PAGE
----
If two or more persons in any State or Territory conspire ... for the purpose of depriving, either directly or indirectly, any person or class of persons of the equal protection of the laws, or of equal privileges and immunities under the laws; or for the purpose of preventing or hindering the constituted authorities of any State or Territory from giving or securing to all persons within such State or Territory the equal protection of the laws; or if two or more persons conspire to prevent by force, intimidation, or threat, any citizen who is lawfully entitled to vote, from giving his support or advocacy in a legal manner, toward or in favor of the election of any lawfully qualified person ... the party so injured or deprived may have an action for the recovery of damages occasioned by such injury or deprivation, against any one or more of the conspirators. (30) Though [section] 1983 does not specifically mention conspiracies, it can be used similarly to [section] 1985(3) by combining a claim under the statute with a claim for civil conspiracy. (31) As explained by the Sixth Circuit:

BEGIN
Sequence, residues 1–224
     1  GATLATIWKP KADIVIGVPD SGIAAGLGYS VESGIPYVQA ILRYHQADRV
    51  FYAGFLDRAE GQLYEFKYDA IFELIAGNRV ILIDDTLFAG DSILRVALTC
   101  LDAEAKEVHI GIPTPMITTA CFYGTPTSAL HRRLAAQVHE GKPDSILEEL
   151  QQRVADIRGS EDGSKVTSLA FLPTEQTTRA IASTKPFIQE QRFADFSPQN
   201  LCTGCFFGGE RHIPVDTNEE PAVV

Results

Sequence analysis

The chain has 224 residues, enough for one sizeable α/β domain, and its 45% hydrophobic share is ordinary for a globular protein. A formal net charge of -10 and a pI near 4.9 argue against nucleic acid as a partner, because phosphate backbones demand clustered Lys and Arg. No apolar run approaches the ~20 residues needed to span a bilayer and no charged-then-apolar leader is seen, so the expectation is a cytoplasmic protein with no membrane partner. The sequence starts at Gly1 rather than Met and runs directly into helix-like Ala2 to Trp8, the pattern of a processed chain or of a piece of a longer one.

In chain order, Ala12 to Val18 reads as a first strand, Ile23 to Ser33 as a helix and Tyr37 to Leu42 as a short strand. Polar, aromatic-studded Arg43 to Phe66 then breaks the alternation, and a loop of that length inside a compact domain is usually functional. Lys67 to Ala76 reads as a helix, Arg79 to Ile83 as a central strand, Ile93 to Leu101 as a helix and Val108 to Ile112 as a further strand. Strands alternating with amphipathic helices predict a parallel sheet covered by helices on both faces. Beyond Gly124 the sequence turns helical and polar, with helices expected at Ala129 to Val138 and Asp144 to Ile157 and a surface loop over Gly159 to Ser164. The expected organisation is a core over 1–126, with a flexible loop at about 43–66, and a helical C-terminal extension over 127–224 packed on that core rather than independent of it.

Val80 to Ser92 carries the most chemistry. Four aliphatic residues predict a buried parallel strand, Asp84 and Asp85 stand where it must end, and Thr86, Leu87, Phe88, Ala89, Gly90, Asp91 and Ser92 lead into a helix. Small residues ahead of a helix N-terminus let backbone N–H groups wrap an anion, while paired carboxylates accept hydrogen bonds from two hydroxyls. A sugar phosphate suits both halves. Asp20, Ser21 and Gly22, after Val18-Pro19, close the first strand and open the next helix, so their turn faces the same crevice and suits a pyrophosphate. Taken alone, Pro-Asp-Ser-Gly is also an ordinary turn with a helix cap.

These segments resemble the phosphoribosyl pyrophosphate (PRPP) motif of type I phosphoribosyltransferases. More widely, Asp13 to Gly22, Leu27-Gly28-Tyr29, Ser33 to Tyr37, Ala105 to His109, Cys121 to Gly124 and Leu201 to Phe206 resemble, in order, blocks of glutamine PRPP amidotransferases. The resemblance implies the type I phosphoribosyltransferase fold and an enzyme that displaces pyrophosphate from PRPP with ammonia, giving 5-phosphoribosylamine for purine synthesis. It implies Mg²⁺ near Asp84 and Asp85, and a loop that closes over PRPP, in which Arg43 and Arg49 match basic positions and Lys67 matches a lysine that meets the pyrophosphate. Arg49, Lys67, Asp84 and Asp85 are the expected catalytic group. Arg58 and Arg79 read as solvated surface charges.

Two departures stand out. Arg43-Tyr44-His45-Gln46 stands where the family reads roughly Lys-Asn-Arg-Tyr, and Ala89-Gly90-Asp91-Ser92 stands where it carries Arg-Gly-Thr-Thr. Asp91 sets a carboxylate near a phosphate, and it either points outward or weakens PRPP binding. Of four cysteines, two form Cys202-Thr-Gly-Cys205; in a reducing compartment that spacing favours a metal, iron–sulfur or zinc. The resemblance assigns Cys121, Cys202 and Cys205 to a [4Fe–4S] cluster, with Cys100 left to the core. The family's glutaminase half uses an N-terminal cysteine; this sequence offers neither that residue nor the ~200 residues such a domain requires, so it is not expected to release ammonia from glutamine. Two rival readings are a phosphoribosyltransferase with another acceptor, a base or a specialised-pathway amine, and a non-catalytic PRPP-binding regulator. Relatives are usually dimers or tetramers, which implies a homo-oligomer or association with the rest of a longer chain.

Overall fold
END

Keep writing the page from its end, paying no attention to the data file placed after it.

A civil conspiracy is a combination of two or more persons acting in concert to commit an unlawful act, or to commit a lawful act by unlawful means, the principal element of which is an agreement between the parties to inflict a wrong against or injury upon another, and an overt act that results in the damage. (32) When the unlawful act is a violation of [section] 1983, the two legal concepts combine to form a claim for conspiracy to violate constitutional rights; (33) this is essentially the same claim established by [section] 1985(3).

    2. The Intracorporate Conspiracy Doctrine (ICD)

      As described above, a conspiracy requires the agreement of multiple parties. (34) However, because corporate personhood imagines the corporation as a single individual, "a corporate entity cannot conspire with itself because employees of a corporation are considered part of the corporate entity." (35) This idea is called the intracorporate conspiracy doctrine and it prohibits liability for a conspiracy when the conspirators are acting within the scope of their employment and all share the same employer. (36)

      The ICD is grounded in two legal fictions: (1) that the corporation is a legal "person" and (2) that corporations enjoy legal unity. (37) Legal unity is the concept that the corporation and its agents are one entity that always act toward a common goal. (38) Though the ICD originated in antitrust law, it has slowly been applied to more and more areas of the law. (39) At present, the doctrine has been adopted in criminal law, torts, and civil rights cases in some circuits. (40)


    After the Union won the American Civil War and abolished slavery, the Southern states began...